Let's start with the visuals, because they were absolutely jaw dropping when Bioshock was first released. And you know with the gorgeous remaster job that is available on consoles and PC now, it still is just as overpowering and beautiful. Rapture is, along with Columbia in Bioshock Infinite, one of the greatest game worlds ever put on screen. There is just so much to love. You are there with the people of Rapture. Never before had a video game had such an atmosphere and staggering sense of place and time. The introduction to Rapture is perhaps the most stunning of any game, rivaled only by Infinite. From the neon shine of the sky (sea) scrapers to the fine details of the environments that tell the story of how a great city could come to ruins, Bioshock is a marvel to behold at every point.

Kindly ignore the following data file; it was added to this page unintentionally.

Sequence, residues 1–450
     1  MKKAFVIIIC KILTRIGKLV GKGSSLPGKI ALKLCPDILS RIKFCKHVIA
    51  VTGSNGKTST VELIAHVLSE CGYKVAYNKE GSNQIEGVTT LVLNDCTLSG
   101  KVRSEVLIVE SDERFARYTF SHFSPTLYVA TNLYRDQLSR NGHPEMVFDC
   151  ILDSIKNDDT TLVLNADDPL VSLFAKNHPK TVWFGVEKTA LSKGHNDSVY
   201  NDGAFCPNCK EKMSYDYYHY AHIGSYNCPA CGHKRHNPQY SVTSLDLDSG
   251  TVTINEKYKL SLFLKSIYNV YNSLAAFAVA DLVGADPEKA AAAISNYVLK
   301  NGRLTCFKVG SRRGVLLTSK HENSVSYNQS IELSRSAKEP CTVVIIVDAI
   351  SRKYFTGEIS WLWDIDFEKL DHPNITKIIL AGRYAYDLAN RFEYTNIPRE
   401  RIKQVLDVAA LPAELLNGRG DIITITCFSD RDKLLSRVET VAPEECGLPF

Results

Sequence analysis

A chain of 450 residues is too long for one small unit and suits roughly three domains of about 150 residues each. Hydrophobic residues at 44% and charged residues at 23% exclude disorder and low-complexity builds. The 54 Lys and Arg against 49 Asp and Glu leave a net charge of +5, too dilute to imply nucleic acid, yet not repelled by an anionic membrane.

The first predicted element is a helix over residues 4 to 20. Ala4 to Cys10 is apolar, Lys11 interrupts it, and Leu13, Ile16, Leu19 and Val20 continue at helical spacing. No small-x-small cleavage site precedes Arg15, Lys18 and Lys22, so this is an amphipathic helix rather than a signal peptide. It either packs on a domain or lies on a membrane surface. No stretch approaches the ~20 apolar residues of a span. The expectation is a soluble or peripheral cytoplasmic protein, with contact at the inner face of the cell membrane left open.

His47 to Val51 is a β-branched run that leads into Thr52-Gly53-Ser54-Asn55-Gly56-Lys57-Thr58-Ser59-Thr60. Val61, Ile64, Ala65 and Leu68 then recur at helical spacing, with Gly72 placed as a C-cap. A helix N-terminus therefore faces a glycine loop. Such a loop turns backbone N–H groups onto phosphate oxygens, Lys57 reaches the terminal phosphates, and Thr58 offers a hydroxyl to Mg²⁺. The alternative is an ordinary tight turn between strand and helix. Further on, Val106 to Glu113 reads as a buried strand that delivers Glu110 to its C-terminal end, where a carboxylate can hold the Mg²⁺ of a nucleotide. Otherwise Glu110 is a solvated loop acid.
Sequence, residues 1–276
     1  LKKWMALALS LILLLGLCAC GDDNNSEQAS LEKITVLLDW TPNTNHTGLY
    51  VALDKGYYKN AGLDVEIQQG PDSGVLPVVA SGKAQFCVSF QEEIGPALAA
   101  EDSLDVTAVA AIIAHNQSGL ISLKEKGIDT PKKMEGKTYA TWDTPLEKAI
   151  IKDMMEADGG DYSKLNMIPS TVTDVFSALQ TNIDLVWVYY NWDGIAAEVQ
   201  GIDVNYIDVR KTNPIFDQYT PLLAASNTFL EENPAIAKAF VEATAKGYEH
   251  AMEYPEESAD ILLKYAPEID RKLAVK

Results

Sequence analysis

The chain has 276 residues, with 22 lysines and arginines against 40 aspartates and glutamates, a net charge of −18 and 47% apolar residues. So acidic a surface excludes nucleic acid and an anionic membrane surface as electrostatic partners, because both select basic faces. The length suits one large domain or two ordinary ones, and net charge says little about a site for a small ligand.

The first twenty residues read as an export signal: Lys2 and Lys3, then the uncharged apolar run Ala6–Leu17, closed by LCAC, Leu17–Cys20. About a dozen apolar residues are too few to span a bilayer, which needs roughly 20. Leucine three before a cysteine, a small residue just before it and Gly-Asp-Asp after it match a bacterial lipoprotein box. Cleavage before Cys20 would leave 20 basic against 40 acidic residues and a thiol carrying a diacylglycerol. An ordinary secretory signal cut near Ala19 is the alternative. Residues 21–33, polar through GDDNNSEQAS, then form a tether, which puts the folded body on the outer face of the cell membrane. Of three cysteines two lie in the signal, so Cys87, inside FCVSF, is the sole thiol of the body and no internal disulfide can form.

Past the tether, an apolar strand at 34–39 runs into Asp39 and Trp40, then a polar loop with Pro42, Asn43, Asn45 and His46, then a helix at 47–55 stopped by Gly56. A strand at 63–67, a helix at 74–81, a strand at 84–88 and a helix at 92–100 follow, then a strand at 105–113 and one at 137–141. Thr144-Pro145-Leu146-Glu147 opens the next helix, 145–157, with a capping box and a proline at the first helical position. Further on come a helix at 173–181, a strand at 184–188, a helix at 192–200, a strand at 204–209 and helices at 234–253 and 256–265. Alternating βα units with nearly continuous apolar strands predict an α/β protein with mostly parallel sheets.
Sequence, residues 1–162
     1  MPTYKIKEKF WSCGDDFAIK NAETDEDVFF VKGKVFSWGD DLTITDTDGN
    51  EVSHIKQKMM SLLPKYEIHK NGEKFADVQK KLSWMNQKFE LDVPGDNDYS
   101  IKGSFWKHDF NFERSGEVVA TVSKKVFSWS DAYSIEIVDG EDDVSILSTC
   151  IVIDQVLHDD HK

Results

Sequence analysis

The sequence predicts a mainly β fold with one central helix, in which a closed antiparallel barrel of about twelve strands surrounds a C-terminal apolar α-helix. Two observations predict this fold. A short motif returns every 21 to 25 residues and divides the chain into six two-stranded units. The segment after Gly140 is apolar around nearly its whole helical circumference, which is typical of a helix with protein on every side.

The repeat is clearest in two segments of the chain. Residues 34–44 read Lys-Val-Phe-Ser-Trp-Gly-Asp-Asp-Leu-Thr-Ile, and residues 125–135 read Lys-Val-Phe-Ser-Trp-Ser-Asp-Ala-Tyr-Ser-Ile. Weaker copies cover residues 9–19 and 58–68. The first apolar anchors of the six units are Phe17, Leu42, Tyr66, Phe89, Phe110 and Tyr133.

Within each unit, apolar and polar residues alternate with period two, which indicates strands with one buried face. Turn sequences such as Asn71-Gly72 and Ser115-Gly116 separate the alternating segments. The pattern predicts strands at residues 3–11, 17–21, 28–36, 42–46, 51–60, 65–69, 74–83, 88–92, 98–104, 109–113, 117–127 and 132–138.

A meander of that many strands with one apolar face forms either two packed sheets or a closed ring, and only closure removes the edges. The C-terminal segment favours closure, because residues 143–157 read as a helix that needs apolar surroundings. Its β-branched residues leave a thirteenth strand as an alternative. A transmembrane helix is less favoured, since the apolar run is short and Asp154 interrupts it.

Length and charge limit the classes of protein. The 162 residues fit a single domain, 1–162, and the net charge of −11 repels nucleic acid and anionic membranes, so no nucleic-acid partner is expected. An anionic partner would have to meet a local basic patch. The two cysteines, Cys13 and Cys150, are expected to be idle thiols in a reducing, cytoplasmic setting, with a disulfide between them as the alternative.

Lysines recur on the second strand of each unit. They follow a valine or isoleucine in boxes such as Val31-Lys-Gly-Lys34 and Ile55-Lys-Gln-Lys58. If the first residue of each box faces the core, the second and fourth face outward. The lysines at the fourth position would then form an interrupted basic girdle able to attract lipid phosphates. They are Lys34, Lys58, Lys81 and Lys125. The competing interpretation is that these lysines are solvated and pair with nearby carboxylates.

Bioshock is in many ways a Horror game, but not just for its glorious violence and perversion of the human form. It is a game that expresses how we are capable of doing evil, even with good intentions. This also makes it a great Noir. The central moral struggle in the game is whether you choose to save or kill Little Sisters, brainwashed and twisted children who support the city's supply of Adam, the genetic altering material that has brought the city to its knees. While there may be complaints over the binary nature of the consequences of this choice, there can be none in the questions it raises for the player. I have long held that it is not the results of the choice that matter, but the process of making them. After all, many moments in life where a moral choice arises do not immediately result in positive or negative feedback. It is all about how you live with yourself, not whether you benefit or lose from the choice.